I could see it, and it was inspired.
Rosemary Red Soup. Delicious. Creamy. Vegetarian. And, like the name suggests, a deep, ruby red.
It would look fantastic in my Heath bowls. Never mind that I didn't have enough for all the guests. Such details were not bothering me at the time. I could only see the visuals.
Details often come back to bite me in the butt, however. Indeed, it's a wonder I have any backside at all these days.
A friend of mine, a fabulous woman with a PhD in Moroccan Jewry and enviable hostessing skills gave me this recipe, promising that it was so simple even I could make it. The secret, she told me, was in the beets and the miso. Red beets give this vegetarian soup its shocking color, while the miso gave it a sort of salty kick from deep within. I made it only once, probably five years ago. But as I recall, it turned out, and impressed everybody so much that nobody minded that it also terminally stained clothes.
As with so many dishes I ruin, this one started out with my focus on entirely the wrong element: I was concentrating on the reaction it would surely win, instead of focusing on the constructive details.
First I bought the wrong kind of beets. We got two kinds at the Farmer's market, neither of them the right ones. We needed red beets. The kind that are red throughout, not the ones that are just red on the outside. The orange beets weren't going to work, either, although yes, they were very pretty and exciting.
The proper beets seem to be an essential element in creating soup of this color. Most cooks would understand this fact. But not me. I have said this all my life, but clearly it remains true: The obvious never occurs to me.
Second problem: We started late in the day, when the Tagine was a bubblin' and Julia was assembling the bitter herb salad and attending to a trillion other details. This would have been fine, had the soup turned out.
Bad enough the soup wasn't the color I'd expected. But it wasn't any acceptable color, unless you like your diarrhea color on the mustard-yellow side of the spectrum. For some reason the puree wasn't as smooth as it needed to be either. Maybe I hadn't cooked the lentils long enough? Hadn't chopped the vegetables enough? Hadn't minced the rosemary right? Realizing you've botched a recipe at the very first, most basic step is pretty demoralizing. But if your dish tastes OK, it's possible to redeem yourself.
Alas. Even Julia, a hardy optimist, was underwhelmed with my Rosemary Red Soup That Was Diarrhea Colored. For a soup with several vegetables, salty miso and an herb widely understood to be taste-enhancing, this was remarkably taste-free. I held out the wooden spoon for her, accepting my fate.
"I don't think it's any good," I said.
She tasted. She didn't grimace, which gave me hope for a small second.
"No. It's not good."
That's when I panicked. It was 6 p.m. People were going to start arriving any minute, and we didn't even have the soup course done.
"We can't serve this! We can't serve this! What are we gonna do?!"
Now I was openly cursing myself. For not paying attention to the ingredient details. For telling Tony NOT to bring Matzo-ball soup as originally planned, because I was going to make my own soup. What the hell was wrong with me? WHY was I even trying to pull off a Seder when obviously it was horribly beyond my abilities, even with more experienced backup? You've heard of fight or flight?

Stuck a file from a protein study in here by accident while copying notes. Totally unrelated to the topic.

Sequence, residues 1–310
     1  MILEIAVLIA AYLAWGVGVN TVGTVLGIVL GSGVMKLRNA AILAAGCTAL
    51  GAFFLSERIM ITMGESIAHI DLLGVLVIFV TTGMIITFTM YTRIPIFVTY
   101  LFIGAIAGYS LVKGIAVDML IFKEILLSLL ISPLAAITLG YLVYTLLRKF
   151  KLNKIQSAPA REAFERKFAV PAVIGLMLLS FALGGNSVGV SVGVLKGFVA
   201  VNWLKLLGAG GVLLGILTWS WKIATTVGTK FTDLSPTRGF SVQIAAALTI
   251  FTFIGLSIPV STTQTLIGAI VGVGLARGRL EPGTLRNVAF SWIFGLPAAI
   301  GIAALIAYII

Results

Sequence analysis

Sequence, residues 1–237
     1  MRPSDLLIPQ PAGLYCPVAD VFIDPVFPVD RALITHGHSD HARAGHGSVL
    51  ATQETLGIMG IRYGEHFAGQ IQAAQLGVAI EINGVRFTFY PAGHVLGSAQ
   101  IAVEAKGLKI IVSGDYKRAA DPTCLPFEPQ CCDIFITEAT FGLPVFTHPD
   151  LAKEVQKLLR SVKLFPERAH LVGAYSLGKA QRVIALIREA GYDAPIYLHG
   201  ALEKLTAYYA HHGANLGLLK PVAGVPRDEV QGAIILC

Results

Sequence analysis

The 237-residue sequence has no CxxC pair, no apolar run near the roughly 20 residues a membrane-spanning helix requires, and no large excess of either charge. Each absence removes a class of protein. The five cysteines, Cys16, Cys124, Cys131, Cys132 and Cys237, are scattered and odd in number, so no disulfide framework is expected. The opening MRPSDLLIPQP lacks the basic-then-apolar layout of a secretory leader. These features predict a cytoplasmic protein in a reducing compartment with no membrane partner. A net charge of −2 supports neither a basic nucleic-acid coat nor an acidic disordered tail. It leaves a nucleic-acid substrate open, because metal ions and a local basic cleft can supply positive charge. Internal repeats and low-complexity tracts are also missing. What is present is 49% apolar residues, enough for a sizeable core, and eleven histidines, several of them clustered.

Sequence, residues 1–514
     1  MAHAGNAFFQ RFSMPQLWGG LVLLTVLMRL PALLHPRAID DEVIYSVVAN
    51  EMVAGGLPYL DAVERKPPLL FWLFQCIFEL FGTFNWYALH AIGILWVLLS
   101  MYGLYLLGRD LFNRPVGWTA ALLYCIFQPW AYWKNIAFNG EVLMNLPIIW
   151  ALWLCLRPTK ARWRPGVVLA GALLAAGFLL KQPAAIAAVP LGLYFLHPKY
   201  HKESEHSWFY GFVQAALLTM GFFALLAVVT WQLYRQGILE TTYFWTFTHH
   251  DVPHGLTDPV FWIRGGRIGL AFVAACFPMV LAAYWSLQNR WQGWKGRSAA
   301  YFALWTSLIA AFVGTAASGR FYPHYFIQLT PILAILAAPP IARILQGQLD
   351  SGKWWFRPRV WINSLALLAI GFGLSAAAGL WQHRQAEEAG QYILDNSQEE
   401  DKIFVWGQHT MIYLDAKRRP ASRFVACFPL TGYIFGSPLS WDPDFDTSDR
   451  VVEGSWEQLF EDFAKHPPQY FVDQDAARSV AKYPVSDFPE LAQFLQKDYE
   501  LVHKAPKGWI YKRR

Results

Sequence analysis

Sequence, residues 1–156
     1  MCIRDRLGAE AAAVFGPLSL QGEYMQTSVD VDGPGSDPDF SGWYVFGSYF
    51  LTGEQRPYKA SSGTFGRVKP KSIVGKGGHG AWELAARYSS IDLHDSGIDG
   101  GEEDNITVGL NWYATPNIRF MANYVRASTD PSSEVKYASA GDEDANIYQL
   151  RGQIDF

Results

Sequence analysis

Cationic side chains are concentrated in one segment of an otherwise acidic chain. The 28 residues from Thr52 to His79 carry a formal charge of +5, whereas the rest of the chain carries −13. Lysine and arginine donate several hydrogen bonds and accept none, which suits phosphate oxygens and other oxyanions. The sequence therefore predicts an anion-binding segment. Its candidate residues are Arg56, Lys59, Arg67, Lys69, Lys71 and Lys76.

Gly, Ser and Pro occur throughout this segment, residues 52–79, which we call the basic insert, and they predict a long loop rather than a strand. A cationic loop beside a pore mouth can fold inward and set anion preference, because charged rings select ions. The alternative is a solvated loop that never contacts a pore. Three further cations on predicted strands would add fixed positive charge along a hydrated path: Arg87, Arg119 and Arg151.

"I'm going to Trader Joe's!" I yelled, running for my keys. "I'm just gonna buy some soup!"
"Wait!" Julia held up her hand. "I have an idea." Obviously she intended to fight.
Her idea involved orange juice. Audacious, I thought. And if it weren't Zero Hour I would have embraced her creativity. But I was already flying. "Ginger carrot soup! I'll just get four boxes of it, we'll heat it up, and nobody will know the difference!"
"Quiet. Taste this now. What do you think?" She'd poured probably 3/4 cup of orange juice directly into the soup and turned up the heat.
I swallowed my heart and tasted.
It had *some* taste. As opposed to the no-taste it had just moments before.
Maybe it would work.
And in fact, in the end, people ate their soup. Some confessed to enjoying it. The two vegetarians at the table wanted more. Wanted the recipe, even. "...this isn't really the soup I'd intended to serve," I stammered.
Rosemary Red Soup
3 medium carrots, chopped
2 beets (RED!!!) chopped
1 tablespoon olive oil
1 large onion, diced
2 tablespoons chopped rosemary (fresh)
1 tablespoon chopped oregano (fresh or dry)
1 cup red lentils (washed and picked over)
2 bay leaves
6 cups water or vegetable stock
2-3 tablespoons light miso
Saute onions in oil, add carrots and beats. Saute as long as you feel prudent. Add herbs, lentils, bay leaves and stock. Bring to a boil, lower heat and simmer 40 minutes. Remove bay leaves and puree soup in blender. Dissolve miso in 1/2 cup water and add to soup. Reheat and serve.
Writing it down now, transcribing from a stained and well-thumbed notepad from another life, I note that I didn't follow any of these simple directions. Saute first?
That'll teach me to cook under pressure. Probably should have made this the night before, with a glass of wine in my system and no time constraints. But that's just one of the many lessons learned this Passover holiday. Stay tuned....